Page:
Ariel Anbar can trace his love of science back to watching Star Trek as a child and a fascination with science fiction. It also didn’t hurt that his dad was a scientist. Currently a professor in the School of Earth and Space Exploration and the Department of Chemistry and Biochemistry at ASU, Anbar is trying to pay it forward, playing surrogate science-dad to a generation of ASU students.
In 2014, Anbar was named a Howard Hughes Medical Institute Professor, the first in ASU’s history, which came with a five-year, $1 million grant in recognition of his research and teaching, which centers on the Earth’s past and future as a habitable planet.
The grant enabled Anbar to build a suite of online immersive virtual field trips and other interactive digital experiences to teach students about the evolution of life and the environment over time, which he also uses in his popular online course titled “Habitable Worlds.” The class is designed to teach science to nonscientists and includes interactive activities such as creating and destroying stars, hunting for planets and searching for signs of life in a simulated universe. To date, more than 2,000 ASU students have taken the class.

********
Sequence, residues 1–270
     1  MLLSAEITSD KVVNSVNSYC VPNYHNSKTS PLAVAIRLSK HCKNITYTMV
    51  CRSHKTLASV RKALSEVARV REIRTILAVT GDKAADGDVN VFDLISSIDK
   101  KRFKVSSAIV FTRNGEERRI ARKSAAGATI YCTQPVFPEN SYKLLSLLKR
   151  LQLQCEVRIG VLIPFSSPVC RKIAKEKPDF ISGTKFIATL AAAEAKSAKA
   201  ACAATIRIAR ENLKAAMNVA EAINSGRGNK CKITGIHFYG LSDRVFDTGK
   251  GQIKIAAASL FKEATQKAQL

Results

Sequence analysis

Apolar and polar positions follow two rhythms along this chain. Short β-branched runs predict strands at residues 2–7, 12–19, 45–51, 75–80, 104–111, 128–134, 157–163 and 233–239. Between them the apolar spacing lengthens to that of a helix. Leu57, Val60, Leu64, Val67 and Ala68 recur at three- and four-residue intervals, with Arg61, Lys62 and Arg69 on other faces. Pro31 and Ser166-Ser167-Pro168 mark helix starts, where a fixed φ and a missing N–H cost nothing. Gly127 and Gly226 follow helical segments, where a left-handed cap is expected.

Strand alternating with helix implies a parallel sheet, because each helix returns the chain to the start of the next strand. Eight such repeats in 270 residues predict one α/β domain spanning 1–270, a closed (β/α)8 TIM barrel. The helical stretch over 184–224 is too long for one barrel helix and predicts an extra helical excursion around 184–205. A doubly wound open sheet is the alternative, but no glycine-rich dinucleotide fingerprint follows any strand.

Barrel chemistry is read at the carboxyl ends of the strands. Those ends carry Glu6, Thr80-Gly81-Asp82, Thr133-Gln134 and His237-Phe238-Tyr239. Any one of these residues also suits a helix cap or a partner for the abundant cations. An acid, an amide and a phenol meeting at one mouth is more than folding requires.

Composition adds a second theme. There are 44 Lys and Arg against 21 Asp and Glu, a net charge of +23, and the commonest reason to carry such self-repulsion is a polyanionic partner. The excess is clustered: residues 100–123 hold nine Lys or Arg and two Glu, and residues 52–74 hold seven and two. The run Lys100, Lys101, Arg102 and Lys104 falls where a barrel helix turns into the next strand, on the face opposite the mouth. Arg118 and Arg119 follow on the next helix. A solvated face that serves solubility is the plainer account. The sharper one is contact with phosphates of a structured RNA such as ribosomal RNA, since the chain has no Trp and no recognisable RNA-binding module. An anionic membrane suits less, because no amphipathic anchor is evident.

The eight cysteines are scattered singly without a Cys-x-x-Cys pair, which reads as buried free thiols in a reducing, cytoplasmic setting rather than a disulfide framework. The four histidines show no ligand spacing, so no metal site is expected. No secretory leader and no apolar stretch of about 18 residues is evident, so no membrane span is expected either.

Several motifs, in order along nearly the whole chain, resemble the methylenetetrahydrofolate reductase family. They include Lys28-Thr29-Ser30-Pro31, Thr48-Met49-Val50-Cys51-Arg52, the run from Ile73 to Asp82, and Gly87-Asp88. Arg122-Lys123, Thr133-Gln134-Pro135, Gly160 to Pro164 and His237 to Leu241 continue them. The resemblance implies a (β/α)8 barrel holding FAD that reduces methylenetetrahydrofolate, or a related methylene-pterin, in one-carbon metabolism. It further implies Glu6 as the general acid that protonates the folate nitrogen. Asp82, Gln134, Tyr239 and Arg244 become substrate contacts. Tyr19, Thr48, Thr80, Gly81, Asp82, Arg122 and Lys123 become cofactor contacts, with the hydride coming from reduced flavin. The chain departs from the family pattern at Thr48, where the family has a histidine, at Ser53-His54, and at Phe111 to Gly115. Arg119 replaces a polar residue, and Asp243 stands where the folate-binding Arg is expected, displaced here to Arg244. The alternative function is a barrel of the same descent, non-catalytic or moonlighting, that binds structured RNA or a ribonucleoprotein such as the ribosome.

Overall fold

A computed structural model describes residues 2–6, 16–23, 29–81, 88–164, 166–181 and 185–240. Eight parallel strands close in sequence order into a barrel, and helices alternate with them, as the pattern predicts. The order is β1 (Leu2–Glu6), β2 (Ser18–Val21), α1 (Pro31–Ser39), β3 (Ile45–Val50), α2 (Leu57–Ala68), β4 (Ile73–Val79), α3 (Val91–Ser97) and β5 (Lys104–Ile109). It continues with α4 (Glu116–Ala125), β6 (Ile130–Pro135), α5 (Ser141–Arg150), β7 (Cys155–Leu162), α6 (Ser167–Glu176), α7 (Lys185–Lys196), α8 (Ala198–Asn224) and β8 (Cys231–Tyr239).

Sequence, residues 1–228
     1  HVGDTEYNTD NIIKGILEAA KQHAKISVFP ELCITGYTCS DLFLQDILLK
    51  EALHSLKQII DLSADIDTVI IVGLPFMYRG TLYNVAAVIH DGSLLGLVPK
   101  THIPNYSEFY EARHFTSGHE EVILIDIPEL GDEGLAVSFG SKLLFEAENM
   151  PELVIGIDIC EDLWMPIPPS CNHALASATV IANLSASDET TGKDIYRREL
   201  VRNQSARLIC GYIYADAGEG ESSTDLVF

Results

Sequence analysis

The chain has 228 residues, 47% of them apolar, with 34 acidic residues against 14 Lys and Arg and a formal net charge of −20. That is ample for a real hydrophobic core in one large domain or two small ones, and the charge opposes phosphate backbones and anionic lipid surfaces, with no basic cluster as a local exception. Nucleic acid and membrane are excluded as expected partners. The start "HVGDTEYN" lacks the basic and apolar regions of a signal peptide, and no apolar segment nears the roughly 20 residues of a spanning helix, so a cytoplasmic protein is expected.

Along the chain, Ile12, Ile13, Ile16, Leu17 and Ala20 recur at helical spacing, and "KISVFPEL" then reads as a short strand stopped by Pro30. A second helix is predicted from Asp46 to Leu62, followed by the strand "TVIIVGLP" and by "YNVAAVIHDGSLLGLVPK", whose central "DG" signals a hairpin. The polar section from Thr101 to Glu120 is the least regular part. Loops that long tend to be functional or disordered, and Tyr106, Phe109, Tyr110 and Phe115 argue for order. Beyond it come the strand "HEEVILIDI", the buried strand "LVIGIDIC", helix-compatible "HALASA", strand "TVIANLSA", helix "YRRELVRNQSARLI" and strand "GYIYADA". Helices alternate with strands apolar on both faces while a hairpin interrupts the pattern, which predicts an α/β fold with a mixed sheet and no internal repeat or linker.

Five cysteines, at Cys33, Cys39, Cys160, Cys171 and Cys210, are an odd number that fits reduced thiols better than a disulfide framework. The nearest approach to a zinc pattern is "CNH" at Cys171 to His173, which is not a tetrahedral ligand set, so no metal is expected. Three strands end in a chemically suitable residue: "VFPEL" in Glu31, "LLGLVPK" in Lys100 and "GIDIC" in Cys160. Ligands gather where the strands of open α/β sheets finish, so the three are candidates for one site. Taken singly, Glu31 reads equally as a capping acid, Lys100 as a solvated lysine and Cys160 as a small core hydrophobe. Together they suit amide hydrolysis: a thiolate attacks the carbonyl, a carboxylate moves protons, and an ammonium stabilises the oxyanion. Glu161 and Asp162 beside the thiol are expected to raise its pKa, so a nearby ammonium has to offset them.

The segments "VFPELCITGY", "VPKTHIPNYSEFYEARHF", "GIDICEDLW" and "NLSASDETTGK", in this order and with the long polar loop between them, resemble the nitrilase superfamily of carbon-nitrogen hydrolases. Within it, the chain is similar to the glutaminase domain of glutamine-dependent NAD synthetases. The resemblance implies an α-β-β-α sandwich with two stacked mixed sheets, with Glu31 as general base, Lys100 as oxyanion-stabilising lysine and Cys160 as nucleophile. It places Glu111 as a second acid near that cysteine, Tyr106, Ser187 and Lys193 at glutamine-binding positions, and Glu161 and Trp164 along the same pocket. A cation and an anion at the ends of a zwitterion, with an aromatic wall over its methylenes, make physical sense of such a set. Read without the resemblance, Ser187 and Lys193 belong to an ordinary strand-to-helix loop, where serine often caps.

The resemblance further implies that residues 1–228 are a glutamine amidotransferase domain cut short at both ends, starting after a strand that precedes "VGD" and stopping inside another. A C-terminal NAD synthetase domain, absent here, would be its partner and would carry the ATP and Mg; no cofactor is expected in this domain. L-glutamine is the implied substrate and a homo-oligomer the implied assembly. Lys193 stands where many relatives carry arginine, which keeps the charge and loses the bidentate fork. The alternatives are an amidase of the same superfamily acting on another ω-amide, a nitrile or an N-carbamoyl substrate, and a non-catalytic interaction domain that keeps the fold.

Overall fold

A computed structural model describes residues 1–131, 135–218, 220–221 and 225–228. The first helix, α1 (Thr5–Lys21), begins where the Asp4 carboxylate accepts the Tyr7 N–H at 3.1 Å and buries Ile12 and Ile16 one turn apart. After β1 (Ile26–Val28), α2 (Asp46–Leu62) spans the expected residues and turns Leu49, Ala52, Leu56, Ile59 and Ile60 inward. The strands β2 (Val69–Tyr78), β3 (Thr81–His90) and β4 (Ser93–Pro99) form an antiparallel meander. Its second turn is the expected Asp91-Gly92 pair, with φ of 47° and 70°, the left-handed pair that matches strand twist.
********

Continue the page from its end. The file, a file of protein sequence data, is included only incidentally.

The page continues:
For many students, “Habitable Worlds” is the terminal science class of their formal education, and Anbar wants to make sure they leave inspired as well as challenged. “If it’s the last science class they take, we ought to make it cool as well as rigorous,” he says.
Anbar sees a shift in the way science is being taught, with more emphasis on guiding students through the process of problem-solving rather than memorizing facts and equations. It’s a movement that’s gaining ground one classroom and lecture hall at a time and advances in online technology create powerful new opportunities for this type of teaching, he says. “Right now, we’re in the silent-movie stage of online education. Avatar and Gravity are in our future.”
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